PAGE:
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Briefs Called For In Tax Case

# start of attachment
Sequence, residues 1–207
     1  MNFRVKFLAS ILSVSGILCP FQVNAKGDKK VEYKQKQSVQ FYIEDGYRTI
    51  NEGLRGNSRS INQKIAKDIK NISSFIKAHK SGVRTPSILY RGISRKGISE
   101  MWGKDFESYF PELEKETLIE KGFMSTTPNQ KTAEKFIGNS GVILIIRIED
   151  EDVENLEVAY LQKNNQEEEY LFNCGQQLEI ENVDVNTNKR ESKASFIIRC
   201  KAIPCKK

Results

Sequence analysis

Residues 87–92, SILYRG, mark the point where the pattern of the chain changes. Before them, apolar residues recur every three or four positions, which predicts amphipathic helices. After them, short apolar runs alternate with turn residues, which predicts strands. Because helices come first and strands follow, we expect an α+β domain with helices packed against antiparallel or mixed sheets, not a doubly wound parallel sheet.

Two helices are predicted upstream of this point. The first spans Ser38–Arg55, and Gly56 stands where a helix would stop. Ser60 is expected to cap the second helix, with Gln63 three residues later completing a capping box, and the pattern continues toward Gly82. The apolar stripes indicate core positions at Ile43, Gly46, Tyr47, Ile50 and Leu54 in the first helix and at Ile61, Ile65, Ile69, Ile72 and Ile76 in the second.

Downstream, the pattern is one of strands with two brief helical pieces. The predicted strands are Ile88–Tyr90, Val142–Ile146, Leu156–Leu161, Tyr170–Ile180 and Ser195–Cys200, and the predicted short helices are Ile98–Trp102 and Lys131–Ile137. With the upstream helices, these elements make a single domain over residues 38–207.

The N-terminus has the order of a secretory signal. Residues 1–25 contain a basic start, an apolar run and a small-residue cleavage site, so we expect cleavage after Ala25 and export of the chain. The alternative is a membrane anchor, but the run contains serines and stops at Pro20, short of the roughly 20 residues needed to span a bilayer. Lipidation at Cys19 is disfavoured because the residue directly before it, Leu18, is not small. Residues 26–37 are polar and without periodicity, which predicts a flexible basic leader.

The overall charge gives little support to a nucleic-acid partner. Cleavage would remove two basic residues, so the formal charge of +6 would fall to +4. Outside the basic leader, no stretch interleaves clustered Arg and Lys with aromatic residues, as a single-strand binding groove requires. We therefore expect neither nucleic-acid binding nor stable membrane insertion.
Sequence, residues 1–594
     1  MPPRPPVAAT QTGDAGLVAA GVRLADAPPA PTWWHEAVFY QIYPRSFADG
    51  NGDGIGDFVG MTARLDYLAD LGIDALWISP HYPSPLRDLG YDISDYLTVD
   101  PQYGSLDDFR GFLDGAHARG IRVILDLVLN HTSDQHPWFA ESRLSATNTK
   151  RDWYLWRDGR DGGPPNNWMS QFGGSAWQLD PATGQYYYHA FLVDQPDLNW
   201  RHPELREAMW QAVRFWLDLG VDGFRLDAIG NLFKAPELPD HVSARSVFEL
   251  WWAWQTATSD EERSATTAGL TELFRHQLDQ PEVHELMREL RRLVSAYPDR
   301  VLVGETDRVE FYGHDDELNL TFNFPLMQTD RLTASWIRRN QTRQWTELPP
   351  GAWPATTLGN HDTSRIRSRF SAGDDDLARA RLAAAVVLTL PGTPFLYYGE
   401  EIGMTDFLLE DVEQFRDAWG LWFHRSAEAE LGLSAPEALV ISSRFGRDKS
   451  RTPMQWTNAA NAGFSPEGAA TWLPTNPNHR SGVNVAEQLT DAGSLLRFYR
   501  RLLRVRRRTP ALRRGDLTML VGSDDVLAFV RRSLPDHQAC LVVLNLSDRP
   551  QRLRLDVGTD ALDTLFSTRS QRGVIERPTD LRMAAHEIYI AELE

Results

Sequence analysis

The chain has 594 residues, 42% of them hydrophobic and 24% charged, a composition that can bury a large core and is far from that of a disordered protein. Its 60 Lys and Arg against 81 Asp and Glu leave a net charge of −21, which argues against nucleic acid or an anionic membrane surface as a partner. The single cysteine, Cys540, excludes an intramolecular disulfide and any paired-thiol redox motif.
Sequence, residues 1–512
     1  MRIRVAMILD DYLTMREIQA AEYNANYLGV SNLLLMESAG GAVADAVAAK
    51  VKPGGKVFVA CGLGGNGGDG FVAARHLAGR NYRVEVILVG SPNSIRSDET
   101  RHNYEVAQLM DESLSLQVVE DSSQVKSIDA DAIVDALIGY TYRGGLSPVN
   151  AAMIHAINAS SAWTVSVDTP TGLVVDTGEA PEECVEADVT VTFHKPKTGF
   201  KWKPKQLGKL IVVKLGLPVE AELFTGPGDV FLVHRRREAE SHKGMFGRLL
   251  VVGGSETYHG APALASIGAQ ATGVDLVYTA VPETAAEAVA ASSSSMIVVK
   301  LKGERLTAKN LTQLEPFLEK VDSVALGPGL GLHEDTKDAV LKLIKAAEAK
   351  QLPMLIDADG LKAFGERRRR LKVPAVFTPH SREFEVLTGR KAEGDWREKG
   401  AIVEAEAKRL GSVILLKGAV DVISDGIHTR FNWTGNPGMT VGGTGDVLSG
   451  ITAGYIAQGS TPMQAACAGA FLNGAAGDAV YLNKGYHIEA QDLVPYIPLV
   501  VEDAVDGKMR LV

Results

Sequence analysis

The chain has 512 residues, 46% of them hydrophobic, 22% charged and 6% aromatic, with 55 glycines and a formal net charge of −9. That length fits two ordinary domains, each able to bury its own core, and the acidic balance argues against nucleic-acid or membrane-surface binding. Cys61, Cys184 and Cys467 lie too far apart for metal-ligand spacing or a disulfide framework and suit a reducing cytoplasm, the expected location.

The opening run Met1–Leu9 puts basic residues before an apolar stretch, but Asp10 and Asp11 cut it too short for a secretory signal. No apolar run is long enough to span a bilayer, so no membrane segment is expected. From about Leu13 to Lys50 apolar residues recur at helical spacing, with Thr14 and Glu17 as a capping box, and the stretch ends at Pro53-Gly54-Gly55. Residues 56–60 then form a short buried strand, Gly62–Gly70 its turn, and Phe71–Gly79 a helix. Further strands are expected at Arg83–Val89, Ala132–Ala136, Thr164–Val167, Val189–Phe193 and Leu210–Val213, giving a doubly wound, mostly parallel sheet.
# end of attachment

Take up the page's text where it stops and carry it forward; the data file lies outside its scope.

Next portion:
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A visiting judge reserved his opinión on a city motion to dismiss a lawsuit challenging the imposition of certain taxes at a hearing yesterday in Washtenaw Circuit Court. Jackson County Circuit Court Judge John C. Dalton gave attorneys for both sides until Nov. 8 to submit legal briefs on several motions, including the one to dismiss, brought by City Attorney Peter W. Forsythe. The suit was brought by Arthur E. Carpenter, an attorney who states that he represents a class of city taxpayers. He challenges taxes imposed and collected by the city for "special purpose," that part of the "pension and social security" tax used for social security payments of employés, and that part of the garbage collection tax which is used for rubbish disposal. Carpenter charges that these taxes are "illegal exactions" because he states that they exceed the city's 7.5-mill charter limitation and are not authorized by a vote of the City Council. He asks that the city be enjoined from collecting the disputed taxes. He also alleges that City Administrator Guy C. Larcom Jr. and Controller Lauren Jedele committed fraud in levying these taxes. The main motion argued was that for a summary judgment in favor of hte city, with the city's motion to strike part of the allegations of fraud against the two officials also argued. Forsythe cited three reasons in support of his dismissal motion. The first was that the court rules forbid more than one request for an injunction "with the same purpose and seeking the same relief." He contended that Carpenter's suit is the same as one he brought on behalf of seven other persons and which was dismissed by Washtenaw Circuit Judge William F. Ager Jr., who said that the parties were not proper persons to sue in that instance. The city attorney also contended that the court "lacks jurisdiction" over the present case because the law establishes an "exclusive remedy," that of paying taxes under protest prior to challenging them. Carpenter states that he has not paid his 1968 taxes. The plaintiff "could have pursued his remedy without depriving people of the services they have come to expect," Forsythe said. Requiring him to pay under protest would not cause Carpenter "irreparable harm" because his money would be refunded if his contentions that the taxes are illegal were upheld, Forsythe said. The city attorney said that the only new aspect of the case is Carpenter's "attempt to allege that some part of the proceeding was fraudulent." Forsythe said that the figures in the city budget do not exceed the city's 7.5-miH charter limitation for general property tax, that the garbage tax levied is within the two-miU limitation for that purpose, and that the pension and social security tax does not exceed the 2.5-mill limitation for that. Carpenter was trying to construe certain administrative procedures a s constituting fraud, Forsythe said. He is trying to say that the administrators must know how to construe a law before a court decides it, the city attorney said. Carpenter countered that the court rule was designed to prevent "shopping around" for a judge and said this is not the case here. Forsythe later noted that Carpenter knew that by making himself a party to the suit, he would automatically bring it before a visiting judge. Local judges do not normally hear cases involving local attomeys as plaintiffs and defendants. Carpenter said the city's procedure has been "so sloppy that it never got council action to levy amounts up to 30 per cent of the total taxes collected." The injunction he seeks would halt collection of only 15 per cent, or that which exceeds the charter limitation. He maintains that the special purpose tax is levied according to a law which was repealed in 1965; that social security taxes for employés must be within the 7.5-mill limitation, and that ■he garbage tax cannot be used for rubbish collection. The attorney contends that the couíts have jurisdiction as) given to them in the 1963 Michigan Constitution and said the "state courts must have decided 300 taxpayer suits." He said Larcom and Jedele knew of the claimed illegalities, t h a t their duties included recommending to council which taxes are legal, and that "to opérate without assurance of the legality of the taxes is fraud." Carpenter said the city presents "pie charts of its revenue sources and expenditures but nowhere does it say that the special purpose 1 a w was repealed, that an official was informed that the tax was illegal. The taxpayer has a right to assume that taxes are based on the law," he said. He maintained that he is enti-j tled to a determination by thej Circuit Court of the legality of the contested taxes. Forsythe countered that the! city's millage limits have not been exceeded and that j ter's allegations of fraud are based on his conclusions that i the taxes are illegal. "This is a dispute over what a legal provisión means. It is inconceivable that officials are charged with fraud for interpreting it before a court determination," he said. Judge Dalton indicated no timetable for reaching a decisión on the motions or coming to trial if he rules against the city's motion for dismissal.